"Serenity" is set somewhere in the tropics on a fictional island called 'Plymouth'. 'Mauritius' is sort of undiscovered in terms of movie making because it has only recently opened up it's doors. In other words, 'Mauritius' could be 'India', 'The Caribbean', 'Africa', or it could be 'France' depending on where you're and in terms of the ethnic make up of the people. Everyone is here, everyone is mixed and everyone seems to rub along together nicely. Being in 'Mauritius' is a huge factor in understanding the looks of 'Plymouth'. The characters are on a tropical island in the middle of 'The Indian Ocean'. It’s incredibly beautiful, the ocean is crystal blue, the weather is heavenly and the sand is powdery white sand. The people of 'Mauritius' are very specific. They're incredibly generous and peaceful. In seeing the way they dress, living a true island life, has definitely informed my understanding of how life might be on 'Plymouth'. The film incorporates 'Mauritius' and the understanding of some of the character’s attitudes, relaxing things a little bit and dialing back any contemporary references. When you’re here, you realize that on an island you’re living in your own world.
Shooting on a boat is very difficult, as it's very slow and expensive, and there are issues with weather and inconsistencies in the light as well as the water. The unique advantage of shooting in 'Mauritius' is that it’s a volcanic island surrounded by a reef. However, because Mauritius reef gives a lagoon effect that's only two meters deep, it almost entirely mimics the physical characteristics of a tank Effectively, you've this gigantic tank and the reef acts as the line between the still water and the ocean water, which is exactly how you shoot in a tank. We're in a fictitious tropical location, and we don’t know where that place is narratively, but the film uses 'Mauritius' and all it's physical attributes to build that world. It’s an intriguing mélange of the actual appearance, what you can see on the screen. There's the real level and there's the subconscious level and there the deep level. Mauritius offered up a lot of opportunities because of the isolation of the island. It means that it has got a lot of intensity, from the mountains you see behind the rivers, to the coastline, and then the beautiful cities and shorelines, and the fishing. The film works with bold colors, but to control it so it isn't garish. The sunlight is very strong and the film deals with a lot of primary colors. Overall, it’s about retaining some of the beautiful primary aspect to the island, but just taking the edge off that so it’s not an oversaturation.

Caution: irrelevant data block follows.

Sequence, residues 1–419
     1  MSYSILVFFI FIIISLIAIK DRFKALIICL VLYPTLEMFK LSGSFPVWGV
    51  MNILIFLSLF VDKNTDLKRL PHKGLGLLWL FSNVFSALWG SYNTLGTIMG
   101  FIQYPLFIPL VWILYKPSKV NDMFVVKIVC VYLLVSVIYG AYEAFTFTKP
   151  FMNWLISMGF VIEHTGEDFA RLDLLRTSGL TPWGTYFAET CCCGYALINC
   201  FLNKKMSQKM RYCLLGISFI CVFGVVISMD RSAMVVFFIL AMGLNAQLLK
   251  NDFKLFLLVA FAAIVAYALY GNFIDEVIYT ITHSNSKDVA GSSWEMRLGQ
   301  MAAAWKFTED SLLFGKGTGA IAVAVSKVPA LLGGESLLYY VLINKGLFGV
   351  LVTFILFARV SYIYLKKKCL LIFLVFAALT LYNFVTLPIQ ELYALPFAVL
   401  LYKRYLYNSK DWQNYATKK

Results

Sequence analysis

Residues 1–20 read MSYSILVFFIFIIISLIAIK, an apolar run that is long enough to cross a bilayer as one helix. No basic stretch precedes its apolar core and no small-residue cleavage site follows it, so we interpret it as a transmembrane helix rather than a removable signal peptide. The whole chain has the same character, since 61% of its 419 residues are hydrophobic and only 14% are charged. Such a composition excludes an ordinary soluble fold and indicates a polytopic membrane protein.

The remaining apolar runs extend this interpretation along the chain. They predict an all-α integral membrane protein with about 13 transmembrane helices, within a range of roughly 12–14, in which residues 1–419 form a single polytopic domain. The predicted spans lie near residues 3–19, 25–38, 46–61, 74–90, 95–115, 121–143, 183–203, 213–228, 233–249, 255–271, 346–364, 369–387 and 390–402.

While not a traditional noir thriller, "Serenity" certainly pays homage to classic films of the genre as well as literature. In terms of dialogue and setting and mood, it's a conscious nod to Ernest Hemingway and Graham Greene, absolutely. It also references to some of the classic movies of the ‘40s and ‘50s. What's really fun about designing consumes for "Serenity" is that there's a duality to all the characters, to their stories, to their world and their understanding of their predicaments. The film approaches it from the truth that the characters found themselves in and also the archetypes that would have informed the way the characters like these may have been seen in movies of the past, including especially the classic noir movies. It's really using the classic noir movies, Humphrey Bogart and Lauren Bacall, and asking how they might be translated into a contemporary esthetic.
At first glance "Serenity" is the story of a fisherman’s obsession with catching a fish, but the film wants audiences to see it on a deeper level; people can choose to view it as a conventional thriller or they can choose to view it as something else. The film is interested, on various levels, in good people doing bad things for a good reason, which is what happens in this film. It's also about the idea of choice and free will, it’s impossible to resolve whether we've them. Because once you’ve made a choice, that’s it and that choice, is it always going to be there or did you choose it? You know, a fable has a moral to the end of the tale and the film deals with the game of life, and the long-term view of what it's to win and connections that go beyond life and death, love and the end of love.